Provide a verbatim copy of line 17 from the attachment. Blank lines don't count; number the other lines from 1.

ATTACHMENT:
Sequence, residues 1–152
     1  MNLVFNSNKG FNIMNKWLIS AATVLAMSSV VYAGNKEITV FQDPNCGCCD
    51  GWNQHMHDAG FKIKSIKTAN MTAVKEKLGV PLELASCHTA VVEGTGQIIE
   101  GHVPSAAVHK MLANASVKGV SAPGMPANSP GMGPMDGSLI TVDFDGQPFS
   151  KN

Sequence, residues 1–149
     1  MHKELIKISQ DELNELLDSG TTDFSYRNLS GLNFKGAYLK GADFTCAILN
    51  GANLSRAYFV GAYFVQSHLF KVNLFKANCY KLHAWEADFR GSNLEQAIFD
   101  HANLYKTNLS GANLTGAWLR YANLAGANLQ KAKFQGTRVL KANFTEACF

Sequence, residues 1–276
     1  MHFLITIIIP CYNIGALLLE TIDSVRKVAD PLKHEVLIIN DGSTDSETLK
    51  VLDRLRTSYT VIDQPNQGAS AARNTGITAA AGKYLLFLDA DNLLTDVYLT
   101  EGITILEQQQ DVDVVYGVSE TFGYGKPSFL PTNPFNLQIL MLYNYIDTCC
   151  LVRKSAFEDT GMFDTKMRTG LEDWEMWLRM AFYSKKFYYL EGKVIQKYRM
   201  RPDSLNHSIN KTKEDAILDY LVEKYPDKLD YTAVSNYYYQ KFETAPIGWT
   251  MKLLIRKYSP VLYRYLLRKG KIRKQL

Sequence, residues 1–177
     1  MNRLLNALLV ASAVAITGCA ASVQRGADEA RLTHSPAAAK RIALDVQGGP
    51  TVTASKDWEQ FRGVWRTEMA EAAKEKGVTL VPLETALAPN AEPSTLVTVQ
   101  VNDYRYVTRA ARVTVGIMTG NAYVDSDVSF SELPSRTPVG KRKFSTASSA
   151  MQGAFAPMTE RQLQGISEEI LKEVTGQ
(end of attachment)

Sequence, residues 1–177